Dr. Robert Ballard will speak at the Mary Moody Northen Recital Hall at 8 p.m. on April 23 as part of the WTAMU Distinguished Lecture Series. His presentation will focus on his discovery of the R.M.S. Titanic, which sunk in the North Atlantic on April 15, 1912.
“The committee decided, with this being the 100th anniversary and the current release of Titanic in 3D, it would be a perfect time to bring him to campus,” Dr. James Calvi, associate dean of education & social sciences, said.
With years of work and his development of state-of-the-art underwater visual imaging technology, Ballard was able to discover the Titanic in July of 1985. Ballard has participated in over 100 deep-sea excursions and has discovered other underwater historical graves.
Calvi described Ballard as “the most famous explorer of the ocean alive today.” Calvi said he hoped students would take advantage of the lecture because of all of the knowledge Ballard has to offer.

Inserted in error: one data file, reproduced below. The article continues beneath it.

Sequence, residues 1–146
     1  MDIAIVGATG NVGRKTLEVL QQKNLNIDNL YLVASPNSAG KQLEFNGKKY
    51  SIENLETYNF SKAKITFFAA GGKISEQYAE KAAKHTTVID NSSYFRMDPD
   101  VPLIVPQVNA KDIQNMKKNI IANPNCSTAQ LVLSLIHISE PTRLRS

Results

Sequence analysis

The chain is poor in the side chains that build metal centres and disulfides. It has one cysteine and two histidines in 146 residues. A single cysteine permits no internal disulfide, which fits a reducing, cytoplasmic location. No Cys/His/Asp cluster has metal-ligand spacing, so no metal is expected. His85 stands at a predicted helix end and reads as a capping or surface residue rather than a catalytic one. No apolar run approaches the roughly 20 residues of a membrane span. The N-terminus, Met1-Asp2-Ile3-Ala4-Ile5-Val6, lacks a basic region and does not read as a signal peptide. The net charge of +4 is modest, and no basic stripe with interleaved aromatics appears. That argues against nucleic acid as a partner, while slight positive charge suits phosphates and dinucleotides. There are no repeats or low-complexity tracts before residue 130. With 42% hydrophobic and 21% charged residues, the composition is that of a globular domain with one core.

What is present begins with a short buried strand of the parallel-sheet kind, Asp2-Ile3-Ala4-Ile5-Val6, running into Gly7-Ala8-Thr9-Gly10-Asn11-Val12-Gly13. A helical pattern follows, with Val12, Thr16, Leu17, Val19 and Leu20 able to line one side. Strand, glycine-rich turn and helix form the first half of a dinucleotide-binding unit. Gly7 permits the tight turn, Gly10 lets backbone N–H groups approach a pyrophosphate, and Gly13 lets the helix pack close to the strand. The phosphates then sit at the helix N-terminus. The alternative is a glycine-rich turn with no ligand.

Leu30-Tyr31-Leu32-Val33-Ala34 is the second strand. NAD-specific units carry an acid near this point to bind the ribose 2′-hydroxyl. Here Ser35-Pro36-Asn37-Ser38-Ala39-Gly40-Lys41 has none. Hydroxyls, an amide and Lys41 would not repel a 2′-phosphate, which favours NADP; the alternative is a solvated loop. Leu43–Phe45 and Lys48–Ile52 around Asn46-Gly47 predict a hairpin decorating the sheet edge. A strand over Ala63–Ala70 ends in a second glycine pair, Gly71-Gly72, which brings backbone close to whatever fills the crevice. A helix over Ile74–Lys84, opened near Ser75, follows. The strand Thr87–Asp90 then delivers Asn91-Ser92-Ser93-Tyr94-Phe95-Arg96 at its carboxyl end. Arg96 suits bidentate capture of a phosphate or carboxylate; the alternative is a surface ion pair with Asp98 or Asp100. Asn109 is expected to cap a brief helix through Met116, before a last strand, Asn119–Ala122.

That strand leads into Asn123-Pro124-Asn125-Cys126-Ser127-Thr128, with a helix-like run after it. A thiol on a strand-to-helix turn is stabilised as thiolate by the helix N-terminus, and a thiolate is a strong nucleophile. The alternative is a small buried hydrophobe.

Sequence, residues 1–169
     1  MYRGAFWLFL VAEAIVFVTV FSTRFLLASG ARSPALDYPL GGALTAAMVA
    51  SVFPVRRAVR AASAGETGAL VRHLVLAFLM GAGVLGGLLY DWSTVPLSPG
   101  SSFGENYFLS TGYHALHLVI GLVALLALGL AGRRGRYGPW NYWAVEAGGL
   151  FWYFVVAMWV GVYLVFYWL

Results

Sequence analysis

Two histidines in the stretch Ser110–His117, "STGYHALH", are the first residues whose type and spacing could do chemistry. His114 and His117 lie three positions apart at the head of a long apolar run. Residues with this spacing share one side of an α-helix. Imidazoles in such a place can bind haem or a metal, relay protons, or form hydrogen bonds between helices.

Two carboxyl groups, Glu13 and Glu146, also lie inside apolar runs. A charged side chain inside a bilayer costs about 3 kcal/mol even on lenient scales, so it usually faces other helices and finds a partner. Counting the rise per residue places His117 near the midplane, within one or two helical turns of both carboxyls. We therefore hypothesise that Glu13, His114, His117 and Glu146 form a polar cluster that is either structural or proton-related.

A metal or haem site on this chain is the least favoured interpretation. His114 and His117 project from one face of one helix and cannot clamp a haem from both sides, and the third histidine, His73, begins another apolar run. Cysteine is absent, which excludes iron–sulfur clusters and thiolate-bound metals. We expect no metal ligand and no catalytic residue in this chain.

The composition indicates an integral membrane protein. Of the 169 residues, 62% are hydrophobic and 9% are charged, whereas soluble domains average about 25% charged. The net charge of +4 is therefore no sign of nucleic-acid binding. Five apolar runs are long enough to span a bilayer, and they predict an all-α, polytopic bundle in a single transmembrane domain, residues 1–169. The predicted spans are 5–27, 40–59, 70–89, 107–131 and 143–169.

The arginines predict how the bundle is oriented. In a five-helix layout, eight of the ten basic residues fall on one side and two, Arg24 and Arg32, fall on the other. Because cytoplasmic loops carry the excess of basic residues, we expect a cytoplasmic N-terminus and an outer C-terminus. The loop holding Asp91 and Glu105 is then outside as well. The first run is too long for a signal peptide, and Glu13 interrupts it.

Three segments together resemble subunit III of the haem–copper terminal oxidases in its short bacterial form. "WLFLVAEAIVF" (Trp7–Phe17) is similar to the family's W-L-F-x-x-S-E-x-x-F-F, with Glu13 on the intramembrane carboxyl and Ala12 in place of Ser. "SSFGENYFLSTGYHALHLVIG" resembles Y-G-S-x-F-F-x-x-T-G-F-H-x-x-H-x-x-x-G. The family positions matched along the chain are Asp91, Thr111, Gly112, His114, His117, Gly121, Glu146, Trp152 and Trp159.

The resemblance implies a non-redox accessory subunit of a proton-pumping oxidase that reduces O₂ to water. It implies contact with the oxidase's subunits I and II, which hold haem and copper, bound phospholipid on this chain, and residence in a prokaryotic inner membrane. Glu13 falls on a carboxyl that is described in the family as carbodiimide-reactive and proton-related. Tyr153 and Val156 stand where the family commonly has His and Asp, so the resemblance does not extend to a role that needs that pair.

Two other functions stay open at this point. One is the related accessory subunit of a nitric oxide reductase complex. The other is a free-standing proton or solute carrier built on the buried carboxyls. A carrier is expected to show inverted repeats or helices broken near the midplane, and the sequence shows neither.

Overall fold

Ballard is the director of the Institute for Archaeological Oceanography at the University of Rhode Island, president of the Institute for Exploration, explorer-in-residence for the National Geographic Society and scientist emeritus at the Woods Hole Oceanographic Institution.
“I think this event is cool and beneficial because the Titanic was a moment in history that, for 73 or so years, nobody actually knew the facts about,” Maranda Rivas, junior Biology major, said. “Robert Ballard is the man that brought light to the events that happened that fateful night. It’s a once-in-a-lifetime opportunity that WT is giving to us students to listen to a man who made history by discovering the Titanic.”
The event is open and free to the public. No tickets are required.